Wednesday, 29 October 2008

I'm thinking...

Yellow and black, preferably in a black room with yellow curtains.

1950s Italian Up lighter with original painted shade.

1950s French mirror in the venetian style.

1950s two seat sofa with ebonised frame, original leather straps and re-upholstered buttoned cushion seat and back.

1970s pair of ceramic lamp bases in a black glazed ceramic with monkey detail.

One of my favourite sources is dealer Philip Thomas. As he is now with 1stDibs he is no longer a well kept secret.

Philip Thomas
4A Ladbroke Grove

Now playing: James Galway - The Flight of the Bumblebee
via FoxyTunes


An Aesthete's Lament said...

How very amusing ... the room in my head was precisely the same.

magnaverde said...

One of the most beautiful rooms I ever saw was the recreation of a tiny room designed by Charles Rennie Mackintosh that was installed at the Art Institute of Chicago back in the 199Os. The show had recreations of two of his ethereally white tearooms, but the room that knocked me for a loop was the antithesis of the look one normally associates with Mackintosh.

It was a narrow, windowless interior hallway in a 19th Century row house, and it was entirely black: walls, floor, woodwork, the whole shebang. Rather than try--and fail--to brighten the place up with early electricity, Mackintosh instead chose to emphasize the elegance of darkness, and the only illumination in the room came from a small backlit panel of opalescent yellow glass that was set low in the wooden wall beneath the stringer of the stair to the floor above. Basically, it was a nightlight. But what a beautiful nightlight it was.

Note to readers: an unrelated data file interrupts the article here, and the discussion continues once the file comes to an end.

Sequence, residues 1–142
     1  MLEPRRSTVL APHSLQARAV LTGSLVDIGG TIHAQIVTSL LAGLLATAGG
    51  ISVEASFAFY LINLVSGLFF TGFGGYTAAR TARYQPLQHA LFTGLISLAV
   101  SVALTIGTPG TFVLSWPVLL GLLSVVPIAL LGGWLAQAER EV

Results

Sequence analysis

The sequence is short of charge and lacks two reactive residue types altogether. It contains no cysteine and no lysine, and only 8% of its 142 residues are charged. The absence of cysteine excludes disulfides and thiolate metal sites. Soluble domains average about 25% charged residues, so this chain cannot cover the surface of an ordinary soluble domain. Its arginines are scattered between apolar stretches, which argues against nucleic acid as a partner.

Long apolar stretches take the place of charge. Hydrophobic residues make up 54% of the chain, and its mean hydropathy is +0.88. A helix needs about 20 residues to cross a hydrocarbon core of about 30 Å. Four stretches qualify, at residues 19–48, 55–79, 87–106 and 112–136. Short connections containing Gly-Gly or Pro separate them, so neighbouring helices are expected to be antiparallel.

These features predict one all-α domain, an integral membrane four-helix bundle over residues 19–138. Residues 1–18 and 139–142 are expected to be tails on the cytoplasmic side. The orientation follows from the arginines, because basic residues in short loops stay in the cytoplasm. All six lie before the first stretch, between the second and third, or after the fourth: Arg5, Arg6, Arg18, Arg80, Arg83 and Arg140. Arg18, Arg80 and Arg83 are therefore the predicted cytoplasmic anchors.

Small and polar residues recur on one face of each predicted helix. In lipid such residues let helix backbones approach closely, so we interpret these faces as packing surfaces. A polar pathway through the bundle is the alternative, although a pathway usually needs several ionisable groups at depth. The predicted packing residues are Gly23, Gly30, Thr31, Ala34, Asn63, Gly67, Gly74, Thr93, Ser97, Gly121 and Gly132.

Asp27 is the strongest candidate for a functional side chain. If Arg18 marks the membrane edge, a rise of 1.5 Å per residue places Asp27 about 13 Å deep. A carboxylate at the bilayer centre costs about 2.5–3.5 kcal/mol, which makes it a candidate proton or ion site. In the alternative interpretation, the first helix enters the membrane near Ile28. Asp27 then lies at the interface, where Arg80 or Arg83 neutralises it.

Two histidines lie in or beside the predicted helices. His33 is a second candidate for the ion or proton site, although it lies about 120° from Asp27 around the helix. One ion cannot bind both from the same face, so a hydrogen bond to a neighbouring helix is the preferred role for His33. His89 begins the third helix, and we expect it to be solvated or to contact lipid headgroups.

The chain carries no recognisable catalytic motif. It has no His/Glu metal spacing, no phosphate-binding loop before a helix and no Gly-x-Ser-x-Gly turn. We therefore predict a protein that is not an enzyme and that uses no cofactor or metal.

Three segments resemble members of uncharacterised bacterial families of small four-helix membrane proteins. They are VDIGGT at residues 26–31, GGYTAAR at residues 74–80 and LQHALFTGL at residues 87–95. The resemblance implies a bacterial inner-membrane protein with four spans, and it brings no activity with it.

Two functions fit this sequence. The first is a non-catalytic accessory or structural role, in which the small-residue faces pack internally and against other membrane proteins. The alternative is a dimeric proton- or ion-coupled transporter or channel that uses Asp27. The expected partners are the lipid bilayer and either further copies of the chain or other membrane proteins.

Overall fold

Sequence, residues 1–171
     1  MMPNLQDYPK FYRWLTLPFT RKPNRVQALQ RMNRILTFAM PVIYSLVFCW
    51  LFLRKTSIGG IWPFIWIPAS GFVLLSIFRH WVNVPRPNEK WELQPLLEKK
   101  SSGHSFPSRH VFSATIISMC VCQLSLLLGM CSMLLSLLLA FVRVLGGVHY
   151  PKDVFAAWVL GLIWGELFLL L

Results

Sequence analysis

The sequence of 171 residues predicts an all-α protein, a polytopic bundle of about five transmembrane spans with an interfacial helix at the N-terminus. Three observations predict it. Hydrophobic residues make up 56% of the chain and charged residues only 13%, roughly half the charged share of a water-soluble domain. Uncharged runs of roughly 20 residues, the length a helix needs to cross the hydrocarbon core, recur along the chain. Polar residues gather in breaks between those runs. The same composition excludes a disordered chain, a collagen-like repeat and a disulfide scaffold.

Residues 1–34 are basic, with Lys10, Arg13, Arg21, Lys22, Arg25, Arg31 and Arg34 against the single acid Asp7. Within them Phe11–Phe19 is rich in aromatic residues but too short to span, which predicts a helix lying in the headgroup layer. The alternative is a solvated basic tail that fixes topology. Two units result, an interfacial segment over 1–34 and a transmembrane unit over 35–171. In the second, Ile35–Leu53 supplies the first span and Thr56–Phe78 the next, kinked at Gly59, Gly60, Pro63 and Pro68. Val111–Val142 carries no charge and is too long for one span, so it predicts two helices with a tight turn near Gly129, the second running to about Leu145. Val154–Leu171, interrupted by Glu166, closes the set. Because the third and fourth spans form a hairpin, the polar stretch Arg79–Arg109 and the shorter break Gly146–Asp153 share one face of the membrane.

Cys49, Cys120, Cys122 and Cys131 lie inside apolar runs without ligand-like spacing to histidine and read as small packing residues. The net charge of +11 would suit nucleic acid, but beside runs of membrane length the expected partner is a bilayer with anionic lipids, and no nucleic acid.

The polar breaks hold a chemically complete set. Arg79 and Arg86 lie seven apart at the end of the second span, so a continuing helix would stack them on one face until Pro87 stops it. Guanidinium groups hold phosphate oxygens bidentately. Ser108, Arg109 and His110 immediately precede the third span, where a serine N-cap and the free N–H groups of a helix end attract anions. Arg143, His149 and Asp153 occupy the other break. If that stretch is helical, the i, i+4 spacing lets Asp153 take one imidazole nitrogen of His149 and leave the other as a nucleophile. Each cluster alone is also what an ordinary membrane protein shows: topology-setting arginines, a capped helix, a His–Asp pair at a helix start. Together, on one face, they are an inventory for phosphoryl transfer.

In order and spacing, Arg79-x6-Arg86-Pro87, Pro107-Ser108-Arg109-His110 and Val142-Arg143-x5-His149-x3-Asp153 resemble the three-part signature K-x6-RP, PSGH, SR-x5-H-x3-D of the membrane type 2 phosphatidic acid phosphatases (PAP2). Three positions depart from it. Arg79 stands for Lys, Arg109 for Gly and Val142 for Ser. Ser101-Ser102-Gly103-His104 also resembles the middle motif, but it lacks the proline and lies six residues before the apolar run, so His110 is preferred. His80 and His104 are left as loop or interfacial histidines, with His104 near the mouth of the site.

It's been 15 years since I was in that tiny, mysterious space & by now I've forgotten most of the details except for the way the glare of that yellow light struck the narrow gilt picture frames on a wall nearby. What I'll never forget is Mackintosh's lesson on the economics of elegance, and how he achieved the richest of effects with the paltriest of means. It's a lesson that may come to be more useful than we know.

Cote de Texas said...

it's not yellow and black, but in his first book, Michael Smith showed a living room with the most delicious silk drapes of peking yellow. They were such a standout, so unexpected and bold - glorious! I'm going to go look at your dealer on 1st dibs! ta-ta

columnist said...

The monkey detail on the black glazed lamps is gorgeous.

Regarding magnaverde's comments, I'm sure as an afficionado of CRM he will be well aware that he was of course very influenced by Japanese style, which is understatement taken to the nth degree.

Pamela Terry and Edward said...

That mirror. That glorious mirror.

Patricia Gray said...

Love the yellow and black. It is one of my favourite colour combinations. BTW love your blog header!!